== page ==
Muscle carnosine has been reported to serve as a physiological buffer, possess antioxidant properties, influence enzyme regulation, and affect sarcoplasmic reticulum calcium regulation. Beta-alanine (β-ALA) is a non-essential amino acid. β-ALA supplementation (e.g., 2-6 grams/day) has been shown to increase carnosine concentrations in skeletal muscle by 20-80%. Several studies have reported that β-ALA supplementation can increase high-intensity intermittent exercise performance and/or training adaptations. Although the specific mechanism remains to be determined, the ergogenicity of β-ALA has been most commonly attributed to an increased muscle buffering capacity. More recently, researchers have investigated the effects of co-ingesting β-ALA with creatine monohydrate to determine whether there may be synergistic and/or additive benefits. This paper overviews the theoretical rationale and potential ergogenic value of β-ALA supplementation with or without creatine as well as provides future research recommendations. © 2010 by the authors; licensee Molecular Diversity Preservation International, Basel, Switzerland.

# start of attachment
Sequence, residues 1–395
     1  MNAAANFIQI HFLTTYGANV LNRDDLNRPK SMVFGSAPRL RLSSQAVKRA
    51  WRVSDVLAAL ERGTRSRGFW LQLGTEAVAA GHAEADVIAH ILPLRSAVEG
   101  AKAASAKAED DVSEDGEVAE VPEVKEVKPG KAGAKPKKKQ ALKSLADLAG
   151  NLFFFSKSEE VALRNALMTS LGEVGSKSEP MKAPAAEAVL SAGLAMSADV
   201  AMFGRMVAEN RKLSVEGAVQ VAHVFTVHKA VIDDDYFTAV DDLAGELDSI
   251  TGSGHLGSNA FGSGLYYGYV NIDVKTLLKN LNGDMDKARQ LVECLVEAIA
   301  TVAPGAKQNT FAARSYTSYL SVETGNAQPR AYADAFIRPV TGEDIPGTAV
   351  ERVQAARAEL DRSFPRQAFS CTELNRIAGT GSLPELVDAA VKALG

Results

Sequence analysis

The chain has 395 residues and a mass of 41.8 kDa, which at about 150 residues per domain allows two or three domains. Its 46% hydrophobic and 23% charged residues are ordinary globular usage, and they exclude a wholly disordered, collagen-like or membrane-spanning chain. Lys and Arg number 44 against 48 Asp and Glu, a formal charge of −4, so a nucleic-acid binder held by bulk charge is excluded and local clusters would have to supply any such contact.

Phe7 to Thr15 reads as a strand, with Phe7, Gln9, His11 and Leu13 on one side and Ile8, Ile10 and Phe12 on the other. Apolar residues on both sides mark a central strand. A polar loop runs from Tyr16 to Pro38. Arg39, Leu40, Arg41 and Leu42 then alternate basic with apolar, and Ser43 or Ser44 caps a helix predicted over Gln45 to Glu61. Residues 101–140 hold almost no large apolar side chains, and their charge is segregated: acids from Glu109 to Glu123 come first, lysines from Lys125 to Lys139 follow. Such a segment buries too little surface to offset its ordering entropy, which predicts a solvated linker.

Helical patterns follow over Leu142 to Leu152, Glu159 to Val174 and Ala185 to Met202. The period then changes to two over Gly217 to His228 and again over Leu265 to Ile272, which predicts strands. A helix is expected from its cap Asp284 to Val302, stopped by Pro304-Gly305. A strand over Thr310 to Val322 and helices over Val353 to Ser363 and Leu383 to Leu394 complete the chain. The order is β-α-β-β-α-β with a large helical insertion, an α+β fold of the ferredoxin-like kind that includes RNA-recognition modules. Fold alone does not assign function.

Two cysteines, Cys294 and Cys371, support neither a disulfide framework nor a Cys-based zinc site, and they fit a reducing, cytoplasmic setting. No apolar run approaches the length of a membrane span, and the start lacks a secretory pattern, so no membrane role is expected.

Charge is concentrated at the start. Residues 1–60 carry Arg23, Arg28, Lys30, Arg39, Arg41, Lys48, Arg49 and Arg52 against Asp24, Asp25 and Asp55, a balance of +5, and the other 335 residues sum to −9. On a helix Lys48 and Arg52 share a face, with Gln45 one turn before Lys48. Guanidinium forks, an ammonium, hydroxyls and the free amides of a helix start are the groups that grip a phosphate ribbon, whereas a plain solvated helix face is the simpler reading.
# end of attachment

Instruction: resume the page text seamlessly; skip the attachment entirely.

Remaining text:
Culbertson, J. Y., Kreider, R. B., Greenwood, M., & Cooke, M. (2010). Effects of Beta-alanine on muscle carnosine and exercise performance: A review of the current literature. Nutrients. MDPI AG. https://doi.org/10.3390/nu2010075